Civil Litigation – Employment Externship
Karen Cacace and Young Lee, Lecturers-in-Law (2 graded academic credits and 3 ungraded fieldwork credits)
The Civil Litigation-Employment Externship at The Legal Aid Society is an intensive introduction to employment law issues faced by low-income workers in New York City. The substantive laws covered will include minimum wage and overtime laws, anti-discrimination laws, including criminal records discrimination, and family and medical leave laws. The externship is taught by practicing attorneys at The Legal Aid Society’s Employment Law Unit and is designed to introduce students to the frequent employment law violations experienced by low-wage workers and to develop students’ litigation skills through a combination of discussion, simulation and hands-on representation of clients with employment claims. The students will assist attorneys in the Employment Law Unit in representing clients in federal and state court and before administrative agencies, including the New York State Department of Labor, the Equal Opportunity Commission and the New York City Commission on Human Rights.
Each week in the seminar portion of the course we will explore either a substantive area of employment law or a litigation skill. The seminars will be primarily focused on class discussions about the specific seminar topic. The seminars will also include individual practical exercises, including client interviewing, drafting a complaint and presenting a case at a mock initial conference. Students will be required to submit a 10 page paper evaluating their experience in the externship.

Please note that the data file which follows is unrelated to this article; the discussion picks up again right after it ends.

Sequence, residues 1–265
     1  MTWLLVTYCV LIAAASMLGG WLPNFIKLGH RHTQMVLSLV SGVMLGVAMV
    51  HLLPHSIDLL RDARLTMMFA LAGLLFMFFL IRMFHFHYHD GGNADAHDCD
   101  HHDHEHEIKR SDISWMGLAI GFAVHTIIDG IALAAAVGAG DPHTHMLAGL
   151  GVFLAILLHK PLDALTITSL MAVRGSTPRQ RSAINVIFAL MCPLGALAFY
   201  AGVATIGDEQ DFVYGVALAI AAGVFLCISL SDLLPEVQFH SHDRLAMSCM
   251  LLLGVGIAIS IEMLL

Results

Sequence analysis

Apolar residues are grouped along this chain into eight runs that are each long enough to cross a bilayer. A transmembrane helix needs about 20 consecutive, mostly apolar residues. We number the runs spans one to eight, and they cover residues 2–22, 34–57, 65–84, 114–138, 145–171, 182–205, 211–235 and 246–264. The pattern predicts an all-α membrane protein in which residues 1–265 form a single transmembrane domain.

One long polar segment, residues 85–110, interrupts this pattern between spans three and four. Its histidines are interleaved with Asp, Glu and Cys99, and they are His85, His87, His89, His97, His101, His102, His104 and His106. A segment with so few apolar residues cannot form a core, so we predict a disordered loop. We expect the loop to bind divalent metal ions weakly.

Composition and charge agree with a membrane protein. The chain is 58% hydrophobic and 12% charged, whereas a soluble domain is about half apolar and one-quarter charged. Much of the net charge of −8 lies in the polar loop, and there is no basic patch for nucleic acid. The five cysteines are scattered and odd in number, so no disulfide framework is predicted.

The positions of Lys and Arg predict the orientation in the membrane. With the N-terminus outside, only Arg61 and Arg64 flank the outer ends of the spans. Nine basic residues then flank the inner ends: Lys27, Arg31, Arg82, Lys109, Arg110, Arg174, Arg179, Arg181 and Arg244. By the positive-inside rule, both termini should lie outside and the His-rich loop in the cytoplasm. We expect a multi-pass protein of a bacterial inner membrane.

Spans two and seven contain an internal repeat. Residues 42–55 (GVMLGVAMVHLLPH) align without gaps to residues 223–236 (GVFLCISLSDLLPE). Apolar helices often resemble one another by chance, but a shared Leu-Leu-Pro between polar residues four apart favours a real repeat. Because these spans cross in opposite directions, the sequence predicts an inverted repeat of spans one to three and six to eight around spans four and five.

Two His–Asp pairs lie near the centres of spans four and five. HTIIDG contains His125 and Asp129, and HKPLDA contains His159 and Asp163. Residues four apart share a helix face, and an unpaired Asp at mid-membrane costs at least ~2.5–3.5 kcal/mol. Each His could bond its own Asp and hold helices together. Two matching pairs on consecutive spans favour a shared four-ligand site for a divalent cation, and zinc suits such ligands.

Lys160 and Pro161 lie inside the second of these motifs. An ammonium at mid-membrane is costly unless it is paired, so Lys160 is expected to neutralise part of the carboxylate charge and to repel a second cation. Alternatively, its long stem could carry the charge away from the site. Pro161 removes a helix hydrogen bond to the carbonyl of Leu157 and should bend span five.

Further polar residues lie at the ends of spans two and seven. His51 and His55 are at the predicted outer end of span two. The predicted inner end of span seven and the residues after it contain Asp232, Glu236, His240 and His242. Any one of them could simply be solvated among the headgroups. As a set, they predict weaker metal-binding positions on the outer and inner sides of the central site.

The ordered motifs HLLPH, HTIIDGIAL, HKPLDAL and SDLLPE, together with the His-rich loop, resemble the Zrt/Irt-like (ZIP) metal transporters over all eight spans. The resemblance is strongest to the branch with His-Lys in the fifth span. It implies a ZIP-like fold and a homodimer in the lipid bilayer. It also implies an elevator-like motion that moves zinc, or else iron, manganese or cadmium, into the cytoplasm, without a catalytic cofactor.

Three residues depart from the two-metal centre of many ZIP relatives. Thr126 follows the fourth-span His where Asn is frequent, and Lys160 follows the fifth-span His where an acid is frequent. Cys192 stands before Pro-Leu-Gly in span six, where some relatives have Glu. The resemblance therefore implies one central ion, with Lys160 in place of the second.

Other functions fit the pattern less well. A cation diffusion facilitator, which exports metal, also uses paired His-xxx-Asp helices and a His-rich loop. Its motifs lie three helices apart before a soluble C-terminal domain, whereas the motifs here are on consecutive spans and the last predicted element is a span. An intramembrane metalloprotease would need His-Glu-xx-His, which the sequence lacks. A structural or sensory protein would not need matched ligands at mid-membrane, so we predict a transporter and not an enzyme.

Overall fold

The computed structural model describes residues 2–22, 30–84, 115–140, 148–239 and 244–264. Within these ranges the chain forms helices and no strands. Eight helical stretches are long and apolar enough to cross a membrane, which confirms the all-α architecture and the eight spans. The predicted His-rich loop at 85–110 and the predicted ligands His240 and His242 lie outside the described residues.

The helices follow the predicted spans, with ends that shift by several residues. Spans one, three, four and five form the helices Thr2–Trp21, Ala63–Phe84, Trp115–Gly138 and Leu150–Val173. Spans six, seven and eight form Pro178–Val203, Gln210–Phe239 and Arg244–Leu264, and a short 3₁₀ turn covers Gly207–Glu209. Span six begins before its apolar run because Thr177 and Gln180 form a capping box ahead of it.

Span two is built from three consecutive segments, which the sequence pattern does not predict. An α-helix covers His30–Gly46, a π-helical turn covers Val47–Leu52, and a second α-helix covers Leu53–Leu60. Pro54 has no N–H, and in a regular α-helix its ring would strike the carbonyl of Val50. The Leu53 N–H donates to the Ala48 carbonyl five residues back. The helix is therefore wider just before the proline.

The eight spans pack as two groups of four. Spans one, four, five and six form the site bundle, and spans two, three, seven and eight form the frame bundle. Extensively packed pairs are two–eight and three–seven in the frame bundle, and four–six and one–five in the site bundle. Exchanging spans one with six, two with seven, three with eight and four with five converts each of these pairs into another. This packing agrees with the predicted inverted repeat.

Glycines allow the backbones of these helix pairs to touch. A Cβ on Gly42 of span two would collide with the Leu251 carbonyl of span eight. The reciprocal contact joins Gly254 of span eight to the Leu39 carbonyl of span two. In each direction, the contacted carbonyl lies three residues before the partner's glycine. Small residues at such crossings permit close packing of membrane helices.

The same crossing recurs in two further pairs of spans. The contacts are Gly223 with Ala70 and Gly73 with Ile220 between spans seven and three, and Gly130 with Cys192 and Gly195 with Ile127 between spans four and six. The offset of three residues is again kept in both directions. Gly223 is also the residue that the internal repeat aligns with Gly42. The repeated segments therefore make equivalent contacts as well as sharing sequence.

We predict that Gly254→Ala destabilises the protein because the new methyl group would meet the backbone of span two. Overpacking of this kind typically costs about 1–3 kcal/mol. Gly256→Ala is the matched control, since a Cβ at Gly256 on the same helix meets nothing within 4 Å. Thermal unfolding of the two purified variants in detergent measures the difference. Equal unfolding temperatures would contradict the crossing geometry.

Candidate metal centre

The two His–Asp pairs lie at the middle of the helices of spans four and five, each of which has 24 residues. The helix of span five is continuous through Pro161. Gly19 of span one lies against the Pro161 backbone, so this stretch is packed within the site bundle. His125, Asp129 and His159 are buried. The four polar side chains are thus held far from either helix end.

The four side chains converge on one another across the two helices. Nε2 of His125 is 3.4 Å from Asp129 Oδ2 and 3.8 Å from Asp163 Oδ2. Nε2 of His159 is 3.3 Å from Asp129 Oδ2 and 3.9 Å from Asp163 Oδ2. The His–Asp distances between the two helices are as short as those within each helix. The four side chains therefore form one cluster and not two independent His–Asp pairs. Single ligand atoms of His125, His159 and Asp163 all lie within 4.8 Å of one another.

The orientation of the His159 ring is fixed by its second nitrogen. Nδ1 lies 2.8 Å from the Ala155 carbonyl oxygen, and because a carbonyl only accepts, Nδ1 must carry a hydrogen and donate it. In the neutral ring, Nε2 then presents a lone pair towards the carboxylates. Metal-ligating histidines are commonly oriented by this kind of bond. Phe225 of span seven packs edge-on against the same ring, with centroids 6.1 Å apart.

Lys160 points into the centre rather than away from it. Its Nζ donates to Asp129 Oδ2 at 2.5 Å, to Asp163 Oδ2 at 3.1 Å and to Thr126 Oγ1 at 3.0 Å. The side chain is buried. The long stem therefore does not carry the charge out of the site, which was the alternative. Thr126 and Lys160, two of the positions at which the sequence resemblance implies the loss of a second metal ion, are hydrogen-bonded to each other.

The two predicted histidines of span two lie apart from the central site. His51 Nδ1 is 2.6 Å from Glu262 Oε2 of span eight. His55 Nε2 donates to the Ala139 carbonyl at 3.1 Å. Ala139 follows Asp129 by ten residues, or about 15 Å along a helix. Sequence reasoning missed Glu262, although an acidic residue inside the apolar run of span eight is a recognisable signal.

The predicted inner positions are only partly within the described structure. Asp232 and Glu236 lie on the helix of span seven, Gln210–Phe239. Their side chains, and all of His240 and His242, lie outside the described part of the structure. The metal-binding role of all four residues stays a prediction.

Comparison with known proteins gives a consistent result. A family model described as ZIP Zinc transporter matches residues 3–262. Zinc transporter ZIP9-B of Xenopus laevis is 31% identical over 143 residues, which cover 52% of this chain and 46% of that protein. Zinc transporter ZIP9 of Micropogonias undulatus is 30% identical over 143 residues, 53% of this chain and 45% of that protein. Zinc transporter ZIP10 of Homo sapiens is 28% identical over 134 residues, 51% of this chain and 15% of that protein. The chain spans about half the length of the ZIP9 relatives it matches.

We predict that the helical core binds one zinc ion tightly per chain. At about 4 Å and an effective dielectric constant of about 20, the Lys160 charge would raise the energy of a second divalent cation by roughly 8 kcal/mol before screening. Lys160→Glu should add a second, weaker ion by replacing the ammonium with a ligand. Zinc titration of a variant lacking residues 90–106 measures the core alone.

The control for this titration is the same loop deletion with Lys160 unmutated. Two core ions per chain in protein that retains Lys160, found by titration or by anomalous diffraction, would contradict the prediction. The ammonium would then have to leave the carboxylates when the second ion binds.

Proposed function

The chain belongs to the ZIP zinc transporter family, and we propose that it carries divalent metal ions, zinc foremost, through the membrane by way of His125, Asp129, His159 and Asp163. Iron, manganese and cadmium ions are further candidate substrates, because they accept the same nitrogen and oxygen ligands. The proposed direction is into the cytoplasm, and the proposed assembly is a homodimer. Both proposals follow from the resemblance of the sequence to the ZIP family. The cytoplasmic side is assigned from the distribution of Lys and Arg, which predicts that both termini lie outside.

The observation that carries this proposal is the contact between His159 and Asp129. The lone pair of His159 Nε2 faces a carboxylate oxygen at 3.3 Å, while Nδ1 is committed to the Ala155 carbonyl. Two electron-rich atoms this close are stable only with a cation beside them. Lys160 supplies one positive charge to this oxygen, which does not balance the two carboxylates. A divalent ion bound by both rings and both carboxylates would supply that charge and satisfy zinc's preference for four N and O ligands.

The course is graded on participation and attendance in the seminar, performance in the mock exercises and the final paper. Performance in the field placement may affect the course grade as a plus or minus.
In the fieldwork placement, students will devote 15 hours per week working with attorneys in the Employment Law Unit at The Legal Aid Society. This will be a clinical, hands-on experience providing students with the opportunity to interview clients and research potential claims for their clients. If students continue the fieldwork in the Spring Semester, they may also draft charges of discrimination or wage theft to be filed at an administrative agency, complaints to be filed in state or federal court, discovery requests, discovery responses and pre-trial motions, interview witnesses, prepare clients for depositions, draft mediation statements and participate in settlement discussions. Students will develop their client interviewing and litigation skills, an understanding of the substantive employment law violations frequently experienced by low-wage workers and be exposed to practical issues confronting low-wages workers.
Requirements and Application Process
The course will be limited to 6-8 students. Enrollment is open to 2Ls, 3Ls and LLMs. Foreign language skills, especially Spanish, are useful.
To apply, please complete the externship application available through LawNet. The application period is from October 8, 2019 (2PM) to October 17, 2019 (5PM). Prospective applicants may be contacted for an interview once all applications have been submitted.
Any additional questions can be sent to Susan Kraham at [email protected].